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The new era of 49ers free agency

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The new regime has arrived and they have already set a new standard for free agency activity

It’s not even March yet and it feels like San Francisco 49ers have made more moves in the 2017 off season than they have in the in the past five years combined. I know this is a gross exaggeration but it seems we’ve entered a new 49ers era. With a new head coach and general manager comes new processes and procedures, and at the moment the outlook is all positive.

Although the process in evaluating players is similar, I’ve heard reports that the lines of communication are more open than they have been in the past. The process still takes all three parties to agree on a player: scouting department, coaching staff and ownership. But with new people in place, there is less of a chance for ulterior motives. One of the benefits of a new general manager and staff is the reduction of emotional ties to players during evaluation.

Understandably, former GM Trent Baalke was attached to the players he acquired but it ended up hindering the team in the end. He believed in growing and developing players, which is a good thing, but not every player is going to be a hit. Accepting the misses, and only having a few of them, balanced with acquiring productive players in free agency, is obviously a formula for success.

When I asked Baalke about his free agency philosophy last season he was ready with the statistic of how many free agents make the Pro Bowl every year which was clearly an important measurement for productivity and value to him. In fact only two players who were acquired through free agency made the Pro Bowl in 2016 out of the 86 players selected (Darrelle Revis and Mike Iupati). Even when Baalke may have been interested in a free agent, he passed quickly if the price tag was too high or waited to see if they could get a better deal and as a result missed out on players that could have been assets to the team. Although Baalke stated last season that CEO owner Jed York gave him all of the resources necessary to build a roster, we will never know which of the two vetoed spending money in free agency.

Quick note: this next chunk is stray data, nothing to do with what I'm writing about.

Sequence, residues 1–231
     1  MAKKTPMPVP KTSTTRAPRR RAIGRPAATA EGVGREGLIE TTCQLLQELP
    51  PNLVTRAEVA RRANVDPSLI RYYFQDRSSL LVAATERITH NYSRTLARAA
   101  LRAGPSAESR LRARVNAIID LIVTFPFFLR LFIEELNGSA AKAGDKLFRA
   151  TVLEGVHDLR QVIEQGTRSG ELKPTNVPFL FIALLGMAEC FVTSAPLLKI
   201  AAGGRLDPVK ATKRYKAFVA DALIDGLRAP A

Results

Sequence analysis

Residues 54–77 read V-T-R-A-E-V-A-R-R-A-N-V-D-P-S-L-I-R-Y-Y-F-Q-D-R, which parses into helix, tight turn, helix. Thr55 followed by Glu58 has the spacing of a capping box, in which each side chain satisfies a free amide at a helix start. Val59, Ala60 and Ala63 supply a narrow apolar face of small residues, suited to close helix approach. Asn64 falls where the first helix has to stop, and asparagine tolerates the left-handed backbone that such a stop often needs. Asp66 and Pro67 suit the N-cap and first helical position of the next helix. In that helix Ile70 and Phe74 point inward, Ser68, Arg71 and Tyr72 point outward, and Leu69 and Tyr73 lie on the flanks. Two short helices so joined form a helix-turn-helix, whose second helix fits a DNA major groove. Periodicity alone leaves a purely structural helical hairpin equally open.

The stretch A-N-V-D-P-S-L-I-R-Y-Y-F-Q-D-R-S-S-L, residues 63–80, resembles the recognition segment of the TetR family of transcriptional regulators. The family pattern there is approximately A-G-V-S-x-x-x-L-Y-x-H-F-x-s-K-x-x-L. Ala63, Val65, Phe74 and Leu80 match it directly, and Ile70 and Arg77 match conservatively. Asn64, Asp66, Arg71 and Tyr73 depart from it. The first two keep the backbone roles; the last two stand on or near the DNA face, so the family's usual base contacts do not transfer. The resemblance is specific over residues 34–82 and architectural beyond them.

John Lynch and staff seem to already be taking a more aggressive approach to free agency. Without the emotional attachment to the roster, the coaching and scouting staffs are able to make a more honest and realistic approach to it. Fresh, impartial eyes can only help the scouting department as well as reports I’ve heard that they are open to all options now, including spending money.